“Today’s report… demonstrates that we are making progress in slowing the rate of price increases,” Joe Biden said, commenting on another red-hot CPI print.
I suppose that depends on one’s definition of “progress.” Biden claimed December’s numbers showed “a meaningful reduction in headline inflation,” which is true if you go by the MoM print.
Depending on the context, it does make sense to put more emphasis on the monthly readings than the YoY numbers, but failing to at least nod to the highest annual print since Biden was forty years old came across as deliberately obtuse. And never mind the fact that the White House’s monthly “progress” still constituted a miss versus consensus (figure below).
Biden did acknowledge that the numbers show there’s “more work to do,” given that price increases are “still too high and squeezing family budgets.” Indeed, annual inflation is high enough to erode the entirety of workers’ wage gains — and then some. Food costs rose, and clothing prices jumped the most in nearly a year.
When it comes to swiftly rising consumer prices, public relations is extremely important. Inflation is, in part anyway, a psychological phenomenon, so it’s important that the messaging is effective. Short circuiting the expectations channel is key when it comes to preventing inflation from becoming entrenched.
The White House surely knew every media outlet in the country would run headlines touting the 7% YoY figure from December’s report. That Biden didn’t address that in his statement was a lapse, even as he was sure to address it at some point, as was Jen Psaki.
A dispassionate assessment finds me compelled to suggest that this White House has reached the point of diminishing returns when it comes to Biden’s editorializing around top-tier data releases via statements and press conferences. It’s really not that much different than Donald Trump live-blogging (and, in at least one infamous episode, front-running) the monthly jobs report, tweeting stock market updates to his followers like push notifications and conducting ad hoc foreign policy on Twitter.
It’s certainly understandable that Biden sees some utility in addressing economic issues at regular intervals considering the circumstances. Whereas Trump’s digital diary entries on the economy and stocks were little more than transparent displays of vanity, Biden is attempting to allay public angst at a critical juncture for the country. The problem is, he’s not doing a very good job of it, and it’s not usually for lack of sincerity, Wednesday’s deliberate omission of the 7% figure notwithstanding.
The juxtaposition between Biden’s “progress” and media headlines risked further undermining public confidence at a time when inflation is weighing heavily on his poll numbers with just months to go before the midterms. Biden’s approval rating was 43% at the end of 2021 (figure below), down dramatically from the 57% it reached when the American Rescue Plan was passed and the Delta wave hadn’t yet come ashore in America.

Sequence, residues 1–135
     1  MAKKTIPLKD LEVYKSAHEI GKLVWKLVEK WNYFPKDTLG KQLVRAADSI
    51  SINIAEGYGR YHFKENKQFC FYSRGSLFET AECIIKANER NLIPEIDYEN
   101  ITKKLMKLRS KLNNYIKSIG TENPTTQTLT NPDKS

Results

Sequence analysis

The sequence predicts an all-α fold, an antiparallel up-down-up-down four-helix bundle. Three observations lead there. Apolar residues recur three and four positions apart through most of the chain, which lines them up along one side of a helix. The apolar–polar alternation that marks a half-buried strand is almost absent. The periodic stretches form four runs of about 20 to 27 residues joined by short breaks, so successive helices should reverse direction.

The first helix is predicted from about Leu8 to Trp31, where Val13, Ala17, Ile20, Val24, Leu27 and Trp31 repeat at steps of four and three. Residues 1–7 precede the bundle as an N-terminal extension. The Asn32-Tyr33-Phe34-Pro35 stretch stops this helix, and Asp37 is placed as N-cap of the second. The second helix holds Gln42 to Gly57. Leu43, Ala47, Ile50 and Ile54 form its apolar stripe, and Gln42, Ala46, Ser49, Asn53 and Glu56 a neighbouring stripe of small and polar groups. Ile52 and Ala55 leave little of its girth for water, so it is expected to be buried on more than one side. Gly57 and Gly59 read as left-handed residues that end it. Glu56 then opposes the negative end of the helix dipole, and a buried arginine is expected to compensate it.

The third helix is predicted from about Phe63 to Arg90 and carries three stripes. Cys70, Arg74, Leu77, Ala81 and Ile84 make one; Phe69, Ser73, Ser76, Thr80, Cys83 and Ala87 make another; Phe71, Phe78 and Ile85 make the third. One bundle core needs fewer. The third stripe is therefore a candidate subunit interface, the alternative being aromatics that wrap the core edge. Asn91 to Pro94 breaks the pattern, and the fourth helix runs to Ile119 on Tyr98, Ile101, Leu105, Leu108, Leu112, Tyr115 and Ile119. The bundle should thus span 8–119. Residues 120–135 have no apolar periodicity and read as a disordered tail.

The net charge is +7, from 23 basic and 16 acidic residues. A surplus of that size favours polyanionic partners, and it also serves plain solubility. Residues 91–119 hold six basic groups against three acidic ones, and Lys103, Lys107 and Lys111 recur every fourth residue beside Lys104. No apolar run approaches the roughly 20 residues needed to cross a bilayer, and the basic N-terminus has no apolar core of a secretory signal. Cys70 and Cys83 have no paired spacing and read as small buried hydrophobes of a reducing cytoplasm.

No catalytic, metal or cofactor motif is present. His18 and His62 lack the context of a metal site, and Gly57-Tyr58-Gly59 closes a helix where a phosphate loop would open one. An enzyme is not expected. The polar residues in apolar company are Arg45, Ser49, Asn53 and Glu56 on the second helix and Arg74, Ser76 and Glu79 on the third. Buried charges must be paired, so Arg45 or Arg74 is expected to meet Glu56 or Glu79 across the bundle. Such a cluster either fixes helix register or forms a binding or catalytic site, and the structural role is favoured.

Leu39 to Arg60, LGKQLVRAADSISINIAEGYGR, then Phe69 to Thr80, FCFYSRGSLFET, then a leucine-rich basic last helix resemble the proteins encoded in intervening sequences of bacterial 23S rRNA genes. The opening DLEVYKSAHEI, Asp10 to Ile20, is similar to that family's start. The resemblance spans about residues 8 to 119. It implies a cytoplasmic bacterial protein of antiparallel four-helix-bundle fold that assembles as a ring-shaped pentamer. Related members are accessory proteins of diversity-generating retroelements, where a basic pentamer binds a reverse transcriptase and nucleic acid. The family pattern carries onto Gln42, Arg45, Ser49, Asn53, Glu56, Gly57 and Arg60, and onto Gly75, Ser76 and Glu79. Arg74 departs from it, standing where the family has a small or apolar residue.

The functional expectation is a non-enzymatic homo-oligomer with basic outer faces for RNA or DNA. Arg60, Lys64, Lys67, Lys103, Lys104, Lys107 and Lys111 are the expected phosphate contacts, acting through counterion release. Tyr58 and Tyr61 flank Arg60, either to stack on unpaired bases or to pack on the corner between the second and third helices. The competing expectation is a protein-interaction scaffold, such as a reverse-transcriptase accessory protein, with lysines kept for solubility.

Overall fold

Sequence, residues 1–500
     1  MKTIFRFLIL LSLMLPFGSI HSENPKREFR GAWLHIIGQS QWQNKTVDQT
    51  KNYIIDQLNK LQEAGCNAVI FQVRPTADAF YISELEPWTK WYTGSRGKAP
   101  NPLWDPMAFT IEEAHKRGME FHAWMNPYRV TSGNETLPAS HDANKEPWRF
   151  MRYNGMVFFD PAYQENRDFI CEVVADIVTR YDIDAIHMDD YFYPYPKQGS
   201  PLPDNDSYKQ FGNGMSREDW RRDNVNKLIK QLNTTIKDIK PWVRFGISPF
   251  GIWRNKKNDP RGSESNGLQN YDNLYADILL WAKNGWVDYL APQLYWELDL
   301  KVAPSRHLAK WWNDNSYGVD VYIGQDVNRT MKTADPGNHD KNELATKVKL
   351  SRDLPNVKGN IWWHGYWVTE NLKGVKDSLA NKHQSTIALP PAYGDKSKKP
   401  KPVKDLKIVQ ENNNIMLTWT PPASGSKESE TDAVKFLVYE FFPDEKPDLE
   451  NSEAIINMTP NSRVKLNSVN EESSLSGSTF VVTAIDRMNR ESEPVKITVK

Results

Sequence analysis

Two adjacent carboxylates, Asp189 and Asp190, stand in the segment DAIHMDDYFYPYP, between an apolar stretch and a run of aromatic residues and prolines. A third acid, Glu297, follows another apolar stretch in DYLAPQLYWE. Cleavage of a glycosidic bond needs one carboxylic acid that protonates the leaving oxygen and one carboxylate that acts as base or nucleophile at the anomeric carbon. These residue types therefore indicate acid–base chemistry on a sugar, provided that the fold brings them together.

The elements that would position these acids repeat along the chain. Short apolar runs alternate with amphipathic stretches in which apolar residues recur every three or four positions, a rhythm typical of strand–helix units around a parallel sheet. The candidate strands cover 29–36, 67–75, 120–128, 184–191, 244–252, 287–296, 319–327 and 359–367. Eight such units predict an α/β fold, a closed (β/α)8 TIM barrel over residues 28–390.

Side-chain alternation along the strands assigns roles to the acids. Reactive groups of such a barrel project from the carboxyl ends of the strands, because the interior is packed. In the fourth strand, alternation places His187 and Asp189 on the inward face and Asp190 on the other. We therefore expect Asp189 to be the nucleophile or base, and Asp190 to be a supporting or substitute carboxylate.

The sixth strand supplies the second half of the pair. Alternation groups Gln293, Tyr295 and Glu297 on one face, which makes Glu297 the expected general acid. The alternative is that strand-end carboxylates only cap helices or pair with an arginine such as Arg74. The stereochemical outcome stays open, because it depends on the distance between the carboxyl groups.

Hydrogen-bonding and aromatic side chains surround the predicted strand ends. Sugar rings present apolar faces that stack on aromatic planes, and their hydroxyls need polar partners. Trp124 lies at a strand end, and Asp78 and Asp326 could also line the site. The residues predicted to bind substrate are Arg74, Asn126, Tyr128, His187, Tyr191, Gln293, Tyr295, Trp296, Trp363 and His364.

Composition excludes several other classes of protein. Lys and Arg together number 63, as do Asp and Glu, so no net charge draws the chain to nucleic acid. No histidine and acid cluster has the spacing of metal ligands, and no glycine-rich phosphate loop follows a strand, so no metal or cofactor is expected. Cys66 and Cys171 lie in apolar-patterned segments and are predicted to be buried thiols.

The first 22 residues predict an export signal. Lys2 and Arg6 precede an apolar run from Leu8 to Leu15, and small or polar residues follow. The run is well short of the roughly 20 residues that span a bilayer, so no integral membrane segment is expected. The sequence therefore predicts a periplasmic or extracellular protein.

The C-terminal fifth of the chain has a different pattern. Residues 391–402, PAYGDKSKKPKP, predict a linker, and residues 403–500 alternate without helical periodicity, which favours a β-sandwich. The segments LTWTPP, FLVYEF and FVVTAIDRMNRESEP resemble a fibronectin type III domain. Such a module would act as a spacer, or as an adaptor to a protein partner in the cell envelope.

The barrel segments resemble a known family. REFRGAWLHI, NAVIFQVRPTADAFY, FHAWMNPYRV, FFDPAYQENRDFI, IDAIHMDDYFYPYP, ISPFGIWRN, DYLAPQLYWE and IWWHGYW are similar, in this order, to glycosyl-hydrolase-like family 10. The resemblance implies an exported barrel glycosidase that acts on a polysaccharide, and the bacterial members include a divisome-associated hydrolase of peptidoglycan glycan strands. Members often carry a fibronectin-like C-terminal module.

To be fair, the drop in his approval rating was directly related to America’s bungled exit from Afghanistan, but the highest inflation in a generation isn’t helping.
The White House variously insisted Build Back Better would actually help bring down inflation, but Joe Manchin made sure we won’t know anytime soon. Biden’s social spending plan remains in limbo. The GOP is keen to insist inflation is the product of economic mismanagement and that, were it not for Republican opposition to more spending, things would be materially worse.
The veracity of inflation claims made by Manchin and Republicans is questionable, at best, but it scarcely matters to voters who care only about their own personal economic circumstances. The reality for many is that wage gains, robust though they may be, simply aren’t keeping up with the pace of inflation.
You can be sure that party affiliation aside, Jerome Powell is extremely concerned about the prospect of inflation bringing Trump — or someone espousing Trumpism — back to power in the US. That’s surely a factor in the FOMC’s newfound zeal for tighter monetary policy.
Ultimately, there aren’t any good answers. Inflation, in its current manifestation, will have to resolve mostly on its own. Although price pressures continue to broaden out, the major issues still revolve around disruptions and frictions associated with the pandemic.
The question is: If inflation doesn’t resolve on its own, will the Fed be willing to do the only thing they can to wrestle it into submission? Namely, engineer across-the-board demand destruction via recession.
The cruel irony is that as politically damaging as that would be for the Biden White House, it might ultimately be necessary in order to prevent the onset of autocracy in 2024. Larry Summers’s predictions have been prescient over the past 12 months. In December, he warned Biden and Powell that “excessive inflation and a sense that it was not being controlled… risks bringing Donald Trump back to power.”